The Secret Science Club may be the best kept secret in New York. Forget your typical night of drinks, music or being parked in front of your tv for the latest Project Runway episode. Head over to Union Hall for some science! Each event brings out the inner-nerd in all of us, and recently we asked the founders a few questions about their brainchild. The next event is December 5th, which gives you a week to study up.
What do you do when you're not working on Secret Science Night? How did you get interested in the field?
Dorian: I'm an acquisitions editor for technical science books, interview scholars and scientists for special podcasts, host karaoke, and throw parties. I'm also the host of a radio talk on WFMU called the Speakeasy.
Michael: Margaret and I write about natural history. Our most recent book is "Carnivorous Nights: On the Trail of the Tasmanian Tiger," which is about our search for an extinct marsupial predator.
When did the Secret Science Club begin at Union Hall?
Margaret: In July 2006, we started talking with Andy Templar and Jim Carden, the owners of Union Hall, about having a special event there. We went in while the bar was still under construction--and it looked like a funky Masonic hall or explorer's club. And then somebody--I think it was Andy--said totally off the cuff, "Wouldn't it be great to have a science night here?"
Dorian: When Andy mentioned wanting to do a science night, I told him I had wanted to do science brunches back when I had started a nonprofit (for public understanding of science). I thought it would be quite simple to get some well-known scientists to agree to give talks, since I had had success in getting them on my old radio program and involved in various other projects I've worked on. It seemed something that, between Margaret, Michael, & I , we should have been able to put together without too much trouble.
Michael: The first Secret Science Club was in September 2006--and we've been having events at least once a month since.
Did you secretly meet elsewhere prior to UH?
Michael: We can only tell you if you give us the secret handshake.
How does each event come together?
Margaret: Everything is centered on the scientist of the night--and their subject matter.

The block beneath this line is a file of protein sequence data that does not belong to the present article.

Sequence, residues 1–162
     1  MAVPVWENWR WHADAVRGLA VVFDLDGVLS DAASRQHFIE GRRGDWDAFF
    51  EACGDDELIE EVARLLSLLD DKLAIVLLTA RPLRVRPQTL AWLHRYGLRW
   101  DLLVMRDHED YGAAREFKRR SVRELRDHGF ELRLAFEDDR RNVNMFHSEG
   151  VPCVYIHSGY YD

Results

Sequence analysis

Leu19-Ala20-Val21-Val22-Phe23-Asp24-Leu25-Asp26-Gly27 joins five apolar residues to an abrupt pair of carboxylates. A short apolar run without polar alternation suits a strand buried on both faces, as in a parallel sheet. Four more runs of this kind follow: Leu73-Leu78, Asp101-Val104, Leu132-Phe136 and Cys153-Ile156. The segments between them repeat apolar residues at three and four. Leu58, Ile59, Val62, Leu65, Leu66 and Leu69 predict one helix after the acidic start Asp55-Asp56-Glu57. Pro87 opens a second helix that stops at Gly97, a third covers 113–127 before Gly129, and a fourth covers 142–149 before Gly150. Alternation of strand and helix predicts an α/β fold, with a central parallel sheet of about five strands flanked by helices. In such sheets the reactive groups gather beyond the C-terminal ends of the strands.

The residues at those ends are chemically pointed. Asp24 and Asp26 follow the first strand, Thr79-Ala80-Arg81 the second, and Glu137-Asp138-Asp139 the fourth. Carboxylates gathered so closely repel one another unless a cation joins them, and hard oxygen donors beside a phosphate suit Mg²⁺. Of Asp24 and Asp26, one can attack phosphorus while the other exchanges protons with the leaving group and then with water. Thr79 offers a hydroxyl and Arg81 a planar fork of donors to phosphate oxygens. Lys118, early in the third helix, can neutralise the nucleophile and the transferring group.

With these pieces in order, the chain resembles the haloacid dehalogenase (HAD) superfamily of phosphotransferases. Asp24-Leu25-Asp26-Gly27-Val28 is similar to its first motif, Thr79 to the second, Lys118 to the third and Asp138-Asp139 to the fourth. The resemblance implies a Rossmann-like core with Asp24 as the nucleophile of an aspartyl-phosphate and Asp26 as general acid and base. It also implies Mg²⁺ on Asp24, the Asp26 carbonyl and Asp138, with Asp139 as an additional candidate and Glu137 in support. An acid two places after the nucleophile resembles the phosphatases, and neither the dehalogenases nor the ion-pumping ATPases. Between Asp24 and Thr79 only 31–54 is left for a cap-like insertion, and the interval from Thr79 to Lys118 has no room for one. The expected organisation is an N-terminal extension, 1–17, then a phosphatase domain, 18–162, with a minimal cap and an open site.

Dorian: We've had chemists, marine biologists, neuroscientists ... I usually book the speakers, and we tend to do this several months in advance (with a few exceptions). Margaret does the music mixes, our friend Alexis Gambis has started doing film montages, Michael rounds up the people on our mailing list. I think that Andy and the bartender (usually Laura) concoct what will be in the drink of the night. Some are quite conceptual.
Michael: We prepare an alchemical mix of sounds, sights, sensational cocktails, and science. And occasionally we have experiments.
Briefly, what can people expect at this week's event?
Margaret: Dinosaur hunter Michael Novacek is coming to the Secret Science Club on Wednesday, December 5. He's lecturing on evolution and extinction from a paleontologist's perspective. So in 45 minutes, the audience can expect to cover 100 million years of the Earth's history.
Michael: The cocktail of the night is the "Hungry Hyena," which is a reference to Dr. Novacek's narrowly escaping being eaten by an oversized hyena in the Sahara desert.
If you could have your ultimate dream event, what would it include (who? where? the topic, the special cocktail, etc)?
Michael: He's dead--unfortunately--but I would have loved to have Stephen J. Gould speak. I think he would have appreciated the atmosphere. The drink of the night? A Punctuated Equilibrium!
Dorian: I'd love to have something like a debate, with two opposing but not warring scientists, and a dance party afterwards, with live music. Oh, and plenty of food available during the night!
Margaret: Is Einstein available? Then we could have "Einstein on the Beach" as the cocktail.